I follow a blog called "STFU Parents"* and it is a place for all people to post online parent fouls.  Things like when someone posts a "Remembering D-Day, thanks for your service." on their Facebook page and some clueless mom adds her own comment like "Oh yes, it was a great day when Dylan was born."  Uh... D-Day - not about your kid!

Or, when someone posts that they are super tired because they have been working really hard, some mommy will add "Try doing that with four kids at home."  Hey lady, just because parenting can be an energy sucking vortex doesn't mean you have the market on all 'tired' or 'busy' situations.  

I find the site amusing and a bit of a touchstone.  I am relieved to see that I am not guilty of many of the parental offenses in the public social world  but I give myself licence to perpetrate all sorts of parental over-sharing in this forum. 

The diaper picture however made me stop and think about my attitude and judgement.  I am aware that a certain fog of brain damage occurs when you become a parent.  Brain damage like secretly thinking that other people's children are nice, but your own are PERFECT.   It also includes thinking that taking the picture of her with poop on her hands or spaghetti all over her head is funny.  For the record, your children are also perfect and I have not photographed poop.  Spaghetti head - guilty.  I have the parental brain damage.  There I said it.

Before my own child came into our world if you asked me what the words that came to mind when I saw a kid running around wearing just a diaper and I was being honest my own social prejudices would spew out of me in an ugly way:  Trashy, Unkempt, Welfare, Bad parenting, Child Neglect Trailer park, Spaghetti-O's  (ooh, the honesty... it hurts me.)

I have a child who is well cared for, clean fed and we are attentive. She lives in a nice place, she can pay her rent (with assistance from the tall people) and she also likes to be NAKED.  At the end of the day her parents like to change out of their day clothes into what we call "squishy pants" - essentially pj bottoms, good cozy socks and tops.  Lucy likes to rid herself of her glitter and water based finger paint stained shirts and toddler jeans and be free.  There isn't much difference between squishy pants and a clean diaper.   I apologize for any judgement I may have passed on random naked toddlers.  I have been informed by a specific toddler that there are times when she will flat out do what she wants.

We are able for the most part to keep her clothed when other people are around and when we're out in public.  However, there was nakedness at Thanksgiving.  I can see where she might have felt comfortable.  After dinner there was a palpable vibe of "oh, I wish I wasn't wearing these tight pants" going on in every corner of the house.  Lucky Lucy, she was able to pull off her dress and be done with it.  I bet Uncle Marty was a bit envious.  Thankfully, he doesn't wear a diaper so the pants stay on.  WHEW.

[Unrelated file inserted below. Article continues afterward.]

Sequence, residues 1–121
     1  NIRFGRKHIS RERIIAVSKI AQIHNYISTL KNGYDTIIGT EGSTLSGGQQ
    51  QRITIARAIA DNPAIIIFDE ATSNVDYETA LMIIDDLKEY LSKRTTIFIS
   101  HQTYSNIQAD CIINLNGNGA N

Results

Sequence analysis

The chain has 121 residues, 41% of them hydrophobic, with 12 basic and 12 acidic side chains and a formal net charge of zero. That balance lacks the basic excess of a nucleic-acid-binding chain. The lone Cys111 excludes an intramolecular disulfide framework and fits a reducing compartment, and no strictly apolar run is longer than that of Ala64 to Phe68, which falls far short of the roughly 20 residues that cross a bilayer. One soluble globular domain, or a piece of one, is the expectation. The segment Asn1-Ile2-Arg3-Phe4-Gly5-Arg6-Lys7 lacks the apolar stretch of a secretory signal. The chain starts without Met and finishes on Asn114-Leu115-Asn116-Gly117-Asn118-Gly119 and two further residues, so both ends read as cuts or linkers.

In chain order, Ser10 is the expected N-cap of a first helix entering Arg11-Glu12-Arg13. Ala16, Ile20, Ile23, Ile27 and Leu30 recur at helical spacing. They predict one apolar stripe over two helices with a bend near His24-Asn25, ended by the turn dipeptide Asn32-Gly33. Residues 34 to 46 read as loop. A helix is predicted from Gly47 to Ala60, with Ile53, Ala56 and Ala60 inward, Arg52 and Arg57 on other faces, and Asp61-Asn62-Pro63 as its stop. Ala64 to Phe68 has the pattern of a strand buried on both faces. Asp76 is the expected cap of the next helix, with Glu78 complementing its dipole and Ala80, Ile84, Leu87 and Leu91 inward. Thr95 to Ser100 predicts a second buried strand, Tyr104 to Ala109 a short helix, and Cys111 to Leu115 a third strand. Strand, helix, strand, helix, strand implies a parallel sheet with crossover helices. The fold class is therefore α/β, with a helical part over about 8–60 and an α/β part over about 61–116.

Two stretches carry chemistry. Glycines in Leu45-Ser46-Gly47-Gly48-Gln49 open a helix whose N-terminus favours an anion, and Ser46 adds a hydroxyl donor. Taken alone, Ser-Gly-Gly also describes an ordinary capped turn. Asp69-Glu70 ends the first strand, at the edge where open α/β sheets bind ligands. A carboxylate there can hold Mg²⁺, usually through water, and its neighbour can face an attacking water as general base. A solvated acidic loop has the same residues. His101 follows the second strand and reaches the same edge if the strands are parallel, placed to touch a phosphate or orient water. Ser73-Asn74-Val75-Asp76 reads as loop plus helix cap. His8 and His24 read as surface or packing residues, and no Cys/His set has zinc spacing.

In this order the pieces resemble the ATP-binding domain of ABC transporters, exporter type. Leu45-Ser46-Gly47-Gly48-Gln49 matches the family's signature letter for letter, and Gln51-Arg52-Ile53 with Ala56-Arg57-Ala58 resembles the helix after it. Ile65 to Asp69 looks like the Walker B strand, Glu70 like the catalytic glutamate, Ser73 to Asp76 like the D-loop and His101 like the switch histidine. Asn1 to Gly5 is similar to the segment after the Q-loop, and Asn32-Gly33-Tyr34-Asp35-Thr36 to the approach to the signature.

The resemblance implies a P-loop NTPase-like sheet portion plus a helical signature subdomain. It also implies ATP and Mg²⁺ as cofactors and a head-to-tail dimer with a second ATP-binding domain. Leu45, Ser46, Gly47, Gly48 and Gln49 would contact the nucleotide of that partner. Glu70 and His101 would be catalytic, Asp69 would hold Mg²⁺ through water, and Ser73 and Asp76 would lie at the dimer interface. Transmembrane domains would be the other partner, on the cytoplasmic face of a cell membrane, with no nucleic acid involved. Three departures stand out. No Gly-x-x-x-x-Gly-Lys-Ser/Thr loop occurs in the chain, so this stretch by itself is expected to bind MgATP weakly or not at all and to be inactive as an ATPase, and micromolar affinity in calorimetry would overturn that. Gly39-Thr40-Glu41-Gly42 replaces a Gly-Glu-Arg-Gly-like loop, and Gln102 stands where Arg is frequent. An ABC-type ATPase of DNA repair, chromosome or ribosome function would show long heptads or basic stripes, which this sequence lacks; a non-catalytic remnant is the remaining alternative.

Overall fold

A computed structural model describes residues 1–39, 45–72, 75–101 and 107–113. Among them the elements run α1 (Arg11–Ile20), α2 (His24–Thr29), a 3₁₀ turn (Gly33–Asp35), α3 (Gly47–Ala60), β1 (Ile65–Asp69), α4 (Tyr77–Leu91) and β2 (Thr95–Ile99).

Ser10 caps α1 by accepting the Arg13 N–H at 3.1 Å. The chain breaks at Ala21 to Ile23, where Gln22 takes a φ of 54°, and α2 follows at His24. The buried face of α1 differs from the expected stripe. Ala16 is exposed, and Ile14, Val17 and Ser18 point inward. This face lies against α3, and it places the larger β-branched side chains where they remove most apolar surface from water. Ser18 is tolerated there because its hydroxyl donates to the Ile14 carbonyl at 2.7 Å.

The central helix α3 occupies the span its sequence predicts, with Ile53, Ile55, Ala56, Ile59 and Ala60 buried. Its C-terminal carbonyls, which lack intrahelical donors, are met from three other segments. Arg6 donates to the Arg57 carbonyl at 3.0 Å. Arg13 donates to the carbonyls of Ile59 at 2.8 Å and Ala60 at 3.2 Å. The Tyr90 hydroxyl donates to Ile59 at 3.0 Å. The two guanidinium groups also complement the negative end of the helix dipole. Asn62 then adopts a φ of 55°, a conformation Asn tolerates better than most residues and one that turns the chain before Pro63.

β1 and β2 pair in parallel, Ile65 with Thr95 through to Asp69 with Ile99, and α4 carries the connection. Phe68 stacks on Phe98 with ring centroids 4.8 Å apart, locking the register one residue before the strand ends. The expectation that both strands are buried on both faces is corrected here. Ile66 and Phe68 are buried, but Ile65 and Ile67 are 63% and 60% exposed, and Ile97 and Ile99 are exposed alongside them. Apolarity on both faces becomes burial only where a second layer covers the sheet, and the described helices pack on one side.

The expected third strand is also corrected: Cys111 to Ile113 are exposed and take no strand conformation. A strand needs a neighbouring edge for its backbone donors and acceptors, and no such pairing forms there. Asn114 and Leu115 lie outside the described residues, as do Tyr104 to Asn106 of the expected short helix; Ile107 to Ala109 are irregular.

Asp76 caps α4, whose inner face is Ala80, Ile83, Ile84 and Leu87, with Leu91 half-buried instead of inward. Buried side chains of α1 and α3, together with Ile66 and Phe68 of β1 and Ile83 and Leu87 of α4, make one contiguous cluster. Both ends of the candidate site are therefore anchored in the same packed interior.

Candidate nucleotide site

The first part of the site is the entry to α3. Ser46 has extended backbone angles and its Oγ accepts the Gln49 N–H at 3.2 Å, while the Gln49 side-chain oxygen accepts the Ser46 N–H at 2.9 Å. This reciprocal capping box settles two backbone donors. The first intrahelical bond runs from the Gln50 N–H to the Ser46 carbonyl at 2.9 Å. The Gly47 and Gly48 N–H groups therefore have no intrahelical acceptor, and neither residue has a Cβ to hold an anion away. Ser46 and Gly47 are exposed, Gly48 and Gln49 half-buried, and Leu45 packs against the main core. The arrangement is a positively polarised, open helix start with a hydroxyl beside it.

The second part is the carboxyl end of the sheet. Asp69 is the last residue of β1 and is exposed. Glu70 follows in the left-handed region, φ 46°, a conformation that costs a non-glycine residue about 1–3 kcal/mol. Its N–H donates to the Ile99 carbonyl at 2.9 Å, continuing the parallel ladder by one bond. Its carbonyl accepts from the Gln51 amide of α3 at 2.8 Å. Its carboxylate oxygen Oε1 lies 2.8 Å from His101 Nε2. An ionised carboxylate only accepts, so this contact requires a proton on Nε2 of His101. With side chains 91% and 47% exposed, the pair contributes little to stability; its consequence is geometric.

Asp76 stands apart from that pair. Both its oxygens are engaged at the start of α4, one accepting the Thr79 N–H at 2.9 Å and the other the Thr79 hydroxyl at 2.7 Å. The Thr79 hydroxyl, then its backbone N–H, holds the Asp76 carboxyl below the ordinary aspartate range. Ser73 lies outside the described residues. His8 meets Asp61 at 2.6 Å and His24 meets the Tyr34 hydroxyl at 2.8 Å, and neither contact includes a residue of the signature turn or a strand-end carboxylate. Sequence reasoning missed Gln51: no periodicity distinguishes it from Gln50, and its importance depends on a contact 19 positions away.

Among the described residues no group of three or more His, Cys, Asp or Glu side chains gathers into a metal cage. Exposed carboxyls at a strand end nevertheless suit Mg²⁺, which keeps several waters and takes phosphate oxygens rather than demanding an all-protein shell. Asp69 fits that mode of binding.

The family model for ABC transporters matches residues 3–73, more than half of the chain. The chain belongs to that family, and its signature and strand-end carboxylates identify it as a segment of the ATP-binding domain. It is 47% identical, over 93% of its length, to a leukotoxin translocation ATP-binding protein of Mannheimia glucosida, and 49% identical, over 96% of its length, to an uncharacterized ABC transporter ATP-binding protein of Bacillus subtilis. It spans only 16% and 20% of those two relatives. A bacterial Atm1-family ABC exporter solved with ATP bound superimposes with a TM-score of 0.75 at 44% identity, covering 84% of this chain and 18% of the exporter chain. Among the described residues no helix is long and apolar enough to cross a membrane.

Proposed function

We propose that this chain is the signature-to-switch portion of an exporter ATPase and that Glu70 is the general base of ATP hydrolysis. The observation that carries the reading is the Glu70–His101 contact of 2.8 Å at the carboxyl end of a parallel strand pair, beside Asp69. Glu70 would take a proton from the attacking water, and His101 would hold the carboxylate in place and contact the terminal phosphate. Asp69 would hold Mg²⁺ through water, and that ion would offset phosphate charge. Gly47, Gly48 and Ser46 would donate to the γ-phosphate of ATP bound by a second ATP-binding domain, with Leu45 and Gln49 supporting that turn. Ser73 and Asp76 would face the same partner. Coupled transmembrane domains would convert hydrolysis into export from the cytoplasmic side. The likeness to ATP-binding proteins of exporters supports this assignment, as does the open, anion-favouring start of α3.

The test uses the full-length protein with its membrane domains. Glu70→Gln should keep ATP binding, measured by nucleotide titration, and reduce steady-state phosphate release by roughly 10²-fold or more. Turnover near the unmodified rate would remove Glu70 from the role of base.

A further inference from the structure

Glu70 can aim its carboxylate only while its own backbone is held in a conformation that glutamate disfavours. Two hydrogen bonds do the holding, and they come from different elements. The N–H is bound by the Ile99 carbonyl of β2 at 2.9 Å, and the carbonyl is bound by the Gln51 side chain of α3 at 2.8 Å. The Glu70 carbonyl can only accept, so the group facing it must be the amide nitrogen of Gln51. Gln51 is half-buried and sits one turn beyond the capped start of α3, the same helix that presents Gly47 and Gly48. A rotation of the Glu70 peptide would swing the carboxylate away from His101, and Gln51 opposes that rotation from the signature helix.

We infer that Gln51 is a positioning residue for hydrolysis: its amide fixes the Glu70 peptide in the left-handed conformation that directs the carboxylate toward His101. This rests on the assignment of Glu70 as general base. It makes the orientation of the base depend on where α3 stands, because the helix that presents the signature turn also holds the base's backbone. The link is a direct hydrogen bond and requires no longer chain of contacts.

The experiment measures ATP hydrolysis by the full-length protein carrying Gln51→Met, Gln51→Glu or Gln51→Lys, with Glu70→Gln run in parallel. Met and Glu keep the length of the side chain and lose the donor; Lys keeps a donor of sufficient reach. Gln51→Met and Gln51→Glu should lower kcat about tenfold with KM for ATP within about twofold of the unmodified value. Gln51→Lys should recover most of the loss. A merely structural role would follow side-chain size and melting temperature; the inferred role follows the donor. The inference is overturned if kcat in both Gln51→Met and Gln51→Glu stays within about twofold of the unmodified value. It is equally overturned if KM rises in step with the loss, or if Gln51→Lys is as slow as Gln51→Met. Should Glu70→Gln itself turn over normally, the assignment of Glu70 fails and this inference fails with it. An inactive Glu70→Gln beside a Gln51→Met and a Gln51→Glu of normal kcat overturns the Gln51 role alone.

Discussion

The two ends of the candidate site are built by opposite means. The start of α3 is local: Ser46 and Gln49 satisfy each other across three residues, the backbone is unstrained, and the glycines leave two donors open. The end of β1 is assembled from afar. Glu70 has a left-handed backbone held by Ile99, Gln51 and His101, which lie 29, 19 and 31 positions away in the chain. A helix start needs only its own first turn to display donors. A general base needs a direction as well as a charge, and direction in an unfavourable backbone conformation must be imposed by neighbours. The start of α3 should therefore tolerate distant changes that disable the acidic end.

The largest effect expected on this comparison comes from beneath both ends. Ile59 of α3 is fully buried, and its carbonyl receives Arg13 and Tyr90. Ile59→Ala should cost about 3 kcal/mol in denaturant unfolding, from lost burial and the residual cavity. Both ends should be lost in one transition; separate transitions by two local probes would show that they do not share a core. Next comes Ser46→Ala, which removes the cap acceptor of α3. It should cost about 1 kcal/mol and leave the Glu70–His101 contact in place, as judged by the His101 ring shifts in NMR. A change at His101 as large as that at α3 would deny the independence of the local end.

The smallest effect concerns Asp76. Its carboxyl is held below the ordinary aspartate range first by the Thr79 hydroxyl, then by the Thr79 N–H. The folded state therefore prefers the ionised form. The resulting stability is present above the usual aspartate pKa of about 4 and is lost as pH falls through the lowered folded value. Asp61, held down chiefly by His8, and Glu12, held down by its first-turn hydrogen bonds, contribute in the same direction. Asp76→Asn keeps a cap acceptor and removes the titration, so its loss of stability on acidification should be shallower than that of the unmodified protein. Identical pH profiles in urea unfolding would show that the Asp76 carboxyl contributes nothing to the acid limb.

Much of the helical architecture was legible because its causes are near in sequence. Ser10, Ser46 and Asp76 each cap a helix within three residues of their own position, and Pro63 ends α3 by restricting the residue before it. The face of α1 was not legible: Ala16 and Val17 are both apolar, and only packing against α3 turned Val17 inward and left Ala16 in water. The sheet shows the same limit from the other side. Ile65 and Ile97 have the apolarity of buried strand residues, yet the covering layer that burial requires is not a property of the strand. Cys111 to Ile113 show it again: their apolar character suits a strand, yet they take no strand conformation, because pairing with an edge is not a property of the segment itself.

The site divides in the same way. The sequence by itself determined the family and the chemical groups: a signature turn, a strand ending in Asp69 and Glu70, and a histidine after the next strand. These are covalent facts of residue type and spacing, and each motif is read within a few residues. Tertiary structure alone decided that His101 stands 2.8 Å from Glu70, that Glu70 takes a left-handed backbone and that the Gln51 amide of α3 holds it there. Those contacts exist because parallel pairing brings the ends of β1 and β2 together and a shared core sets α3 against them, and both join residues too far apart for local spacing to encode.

I will keep monitoring STFU Parents to keep my public parenting infractions to a dull roar but if you see them know that I AM holding back way more than I post.

Speaking of things I wanted to share:  

Last night we sang "Old MacDonald" in the bathtub.  Her 'EIEIOooo" makes up for the fit she threw in Target.  Well, not totally, but I forgave her for my having to carry her out of the store while she screamed and tried to get away.  These battles are rough, but she will learn that safety things are NOT negotiable.   I was thankful to receive thumbs up and nods of encouragement from other parents as I manhandled her out of the store.  Funny how a "you can do it" or "it'll pass" from a total stranger with calm kids in tow helps.

I drank the mommy koolaid, but thus far I'm not posting pictures of her 'art' to Pinterest... yet.

*STFU means "Shut the f*ck up"

Tuesday, December 04, 2012

Chicken Soup

my soup

I was inspired by a recipe I read yesterday, so after I dropped a well rested and pleasant Lucy at Day Care I zipped to the market to pick up chicken, celery, carrots and onion and came home to make soup.

I love the cast iron pot because it does it all.   I heated olive oil in the pan and then browned my onions and chicken thighs (bone on) added seasoning (salt, pepper, poultry seasoning) and then added chicken broth.

If I was a better cook, or had lots of time on my hands I would make my own chicken stock, but the stuff from Swanson's is lovely.  I like to mix the regular stock with the lower salt version.  I'd like to think that I'm honoring my grandmother a bit when I use something like Swanson's that she thought was a marvelous time saver for her.

I added celery and carrots and let it cook for about 2 hours.

I then pulled the chicken thighs out and removed the bones.  Now it is all nicely marinating in the pan.

Later on this afternoon I will add noodles, likely pastina.  Pastina??? Yes, that is the fancy name for 'stars'.

Jason has a desire for biscuits with this meal so I will also be serving up some fresh baked blobs of bread.  Now, again noting that I don't have loads of time these too will be cheater rolls.

I've learned a few things over time.  As much as I favor chicken breast meat, when cooking a 'meal in a pot' thigh meat offers more flavor and responds better to the extended cooking time.  If I need more meat, I can add white meat towards the end of the cooking process.   Also, browning the chicken in the pot with the skin on helps leach out the flavors of the chicken.  The bones and the skin will be removed before eating, but are a key step in the development of a deeper flavor.  I also chopped up the entire celery stalk - including the leafy bits.  Those don't add much flavor but they sure are pretty floating around in my soup.

The pot of soup is large, so I'm sure there will be enough to save for a different rainy day.  I hope Lucy likes it - from the samples I've had it is savory.  I'm looking forward to dinner.